How to Store and Preserve Your Citrus

It happens to the best of us. We dig into that bowl of gorgeous citrus fruits on our kitchen counter and pull out a green, moldy orange. What went wrong?

Here are a few things you can do to keep your citrus fresh:

Purchase ripe, in-season citrus

“Know what’s in season during citrus season,” advised Luke, our produce guru. You want to buy the freshest fruit possible, and every type of citrus has its season. Right now, fresh off the truck from California, we have the following organic fruits: Minneola, Cara Cara, Red and Pink Grapefruit, Navel Oranges, Satsumas, and 2-pound bags of Clementines. We’re keeping our eyes peeled for Honeybells, which are the same variety as Minneolas but come from Florida. They’re usually around for about two weeks, so get them when you see them!

Unlike other fruits, citrus doesn’t continue to ripen after it’s picked. When you’re shopping for oranges and grapefruit, look for a nice color and firm skin. There are a few varieties, like mandarins and tangelos, that naturally have a loose skin.

Put it in the fridge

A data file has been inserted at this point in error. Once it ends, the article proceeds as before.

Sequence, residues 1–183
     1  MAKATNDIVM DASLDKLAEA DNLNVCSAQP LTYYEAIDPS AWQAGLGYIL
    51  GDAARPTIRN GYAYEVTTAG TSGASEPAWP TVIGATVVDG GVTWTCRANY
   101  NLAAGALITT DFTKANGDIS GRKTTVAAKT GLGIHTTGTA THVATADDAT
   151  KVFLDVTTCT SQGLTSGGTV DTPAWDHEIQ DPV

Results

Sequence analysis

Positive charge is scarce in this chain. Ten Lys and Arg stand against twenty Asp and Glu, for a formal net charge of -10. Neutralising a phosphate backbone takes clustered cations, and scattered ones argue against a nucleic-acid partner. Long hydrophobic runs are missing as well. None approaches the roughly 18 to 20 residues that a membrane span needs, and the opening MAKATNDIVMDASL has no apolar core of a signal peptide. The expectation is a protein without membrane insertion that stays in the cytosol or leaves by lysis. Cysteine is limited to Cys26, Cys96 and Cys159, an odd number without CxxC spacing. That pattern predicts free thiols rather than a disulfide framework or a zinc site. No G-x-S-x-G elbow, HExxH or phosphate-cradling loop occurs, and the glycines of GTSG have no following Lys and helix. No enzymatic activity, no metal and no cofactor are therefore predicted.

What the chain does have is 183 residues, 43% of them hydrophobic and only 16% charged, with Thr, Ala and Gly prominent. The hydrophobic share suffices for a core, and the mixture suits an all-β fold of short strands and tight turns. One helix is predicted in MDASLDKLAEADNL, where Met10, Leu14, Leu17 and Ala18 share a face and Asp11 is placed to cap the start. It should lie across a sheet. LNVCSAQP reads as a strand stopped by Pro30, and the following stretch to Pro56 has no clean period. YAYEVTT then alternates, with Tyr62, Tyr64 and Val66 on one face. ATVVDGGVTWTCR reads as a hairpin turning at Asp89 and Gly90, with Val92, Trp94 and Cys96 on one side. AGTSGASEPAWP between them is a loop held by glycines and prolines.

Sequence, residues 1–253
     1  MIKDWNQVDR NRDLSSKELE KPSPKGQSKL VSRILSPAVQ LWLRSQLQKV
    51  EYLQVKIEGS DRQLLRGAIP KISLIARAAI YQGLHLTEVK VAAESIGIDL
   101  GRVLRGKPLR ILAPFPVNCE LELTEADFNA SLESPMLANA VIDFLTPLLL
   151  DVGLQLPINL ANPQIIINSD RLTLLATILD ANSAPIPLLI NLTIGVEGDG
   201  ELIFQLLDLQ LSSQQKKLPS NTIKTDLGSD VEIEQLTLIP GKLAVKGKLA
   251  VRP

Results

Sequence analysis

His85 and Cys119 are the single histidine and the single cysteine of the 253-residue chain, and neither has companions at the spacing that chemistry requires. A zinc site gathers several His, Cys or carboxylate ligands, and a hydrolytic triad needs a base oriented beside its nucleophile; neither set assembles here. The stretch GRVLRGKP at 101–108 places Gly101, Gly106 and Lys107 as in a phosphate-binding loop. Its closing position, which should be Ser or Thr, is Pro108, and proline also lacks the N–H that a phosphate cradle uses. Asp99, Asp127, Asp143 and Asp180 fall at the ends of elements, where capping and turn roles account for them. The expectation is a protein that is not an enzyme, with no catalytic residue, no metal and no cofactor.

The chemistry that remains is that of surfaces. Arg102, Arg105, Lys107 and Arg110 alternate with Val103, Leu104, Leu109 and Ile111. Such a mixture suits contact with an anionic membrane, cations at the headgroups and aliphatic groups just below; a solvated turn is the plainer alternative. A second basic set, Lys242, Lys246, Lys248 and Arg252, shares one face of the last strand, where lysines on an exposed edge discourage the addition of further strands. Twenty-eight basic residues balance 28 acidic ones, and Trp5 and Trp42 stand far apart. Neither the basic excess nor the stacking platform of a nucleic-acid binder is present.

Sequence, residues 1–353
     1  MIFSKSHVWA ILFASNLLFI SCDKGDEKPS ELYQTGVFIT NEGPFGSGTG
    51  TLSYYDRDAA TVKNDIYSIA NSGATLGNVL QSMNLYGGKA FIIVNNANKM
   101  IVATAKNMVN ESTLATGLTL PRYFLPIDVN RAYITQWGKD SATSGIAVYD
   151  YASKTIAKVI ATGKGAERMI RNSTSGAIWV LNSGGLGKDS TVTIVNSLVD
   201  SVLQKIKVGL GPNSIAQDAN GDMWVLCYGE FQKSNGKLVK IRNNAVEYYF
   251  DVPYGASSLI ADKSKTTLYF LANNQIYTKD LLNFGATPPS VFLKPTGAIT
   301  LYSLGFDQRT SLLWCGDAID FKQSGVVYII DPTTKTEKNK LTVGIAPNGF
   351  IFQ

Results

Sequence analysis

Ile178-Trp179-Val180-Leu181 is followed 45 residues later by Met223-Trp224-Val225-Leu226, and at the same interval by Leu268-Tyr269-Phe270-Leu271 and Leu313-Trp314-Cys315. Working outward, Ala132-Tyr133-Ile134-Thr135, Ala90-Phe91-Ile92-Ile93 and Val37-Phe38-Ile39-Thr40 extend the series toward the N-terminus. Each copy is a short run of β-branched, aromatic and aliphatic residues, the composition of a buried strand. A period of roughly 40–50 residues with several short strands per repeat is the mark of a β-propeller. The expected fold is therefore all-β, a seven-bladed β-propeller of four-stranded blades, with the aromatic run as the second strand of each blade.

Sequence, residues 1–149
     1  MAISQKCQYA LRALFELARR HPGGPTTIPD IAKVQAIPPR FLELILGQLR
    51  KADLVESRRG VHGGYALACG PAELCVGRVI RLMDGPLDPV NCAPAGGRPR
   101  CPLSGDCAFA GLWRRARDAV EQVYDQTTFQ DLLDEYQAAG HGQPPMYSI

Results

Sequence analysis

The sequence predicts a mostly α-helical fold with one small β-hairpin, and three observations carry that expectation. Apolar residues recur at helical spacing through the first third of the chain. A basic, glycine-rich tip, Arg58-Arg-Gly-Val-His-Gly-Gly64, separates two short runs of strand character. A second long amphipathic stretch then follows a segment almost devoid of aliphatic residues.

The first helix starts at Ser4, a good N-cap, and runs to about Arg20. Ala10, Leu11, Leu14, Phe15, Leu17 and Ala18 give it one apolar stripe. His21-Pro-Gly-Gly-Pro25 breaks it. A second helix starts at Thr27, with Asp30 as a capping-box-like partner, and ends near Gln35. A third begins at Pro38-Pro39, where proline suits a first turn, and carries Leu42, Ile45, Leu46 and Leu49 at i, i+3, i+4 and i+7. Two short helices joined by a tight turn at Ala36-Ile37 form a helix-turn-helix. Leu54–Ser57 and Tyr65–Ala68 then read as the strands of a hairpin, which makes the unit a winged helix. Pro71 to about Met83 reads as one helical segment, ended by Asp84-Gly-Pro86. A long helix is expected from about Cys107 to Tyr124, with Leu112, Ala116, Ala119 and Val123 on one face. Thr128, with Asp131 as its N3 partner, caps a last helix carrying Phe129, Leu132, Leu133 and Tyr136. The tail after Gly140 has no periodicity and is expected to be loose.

“Refrigeration for citrus is best,” Luke said. Oranges and grapefruit can last for several weeks if stored properly in the fridge. This means placing them loose (or in a mesh bag) in the veggie drawer and then turning them from time to time to allow airflow. While most citrus can be stored loosely, lemons should be placed in a plastic bag before going in the fridge.

Eat them quickly if kept at room temperature

To encourage healthy snacking, we suggest keeping a few oranges in a bowl on the countertop and the rest in the fridge. As the bowl empties, pull a few more oranges out of the fridge. “The countertop is nice if you plan to eat it within a few days,” Luke said. “Otherwise, it should go in the fridge.” Just make sure that your countertop citrus has good airflow and that you don’t let it sit for too long. And if the room is warm or muggy, forego the countertop altogether. Citrus prefers a cool, dry environment.

Keep it dry

Wherever you store your citrus, make sure the fruit is dry and that you rotate it regularly for proper airflow. Moisture between pieces of citrus is a recipe for disaster. If the fruit comes in a bag, we recommend taking the citrus out of the bag and placing it in a shallow bowl on the counter or directly in the fridge.

Learn about a few unique citrus varieties you’ll find at the Market this winter.

 

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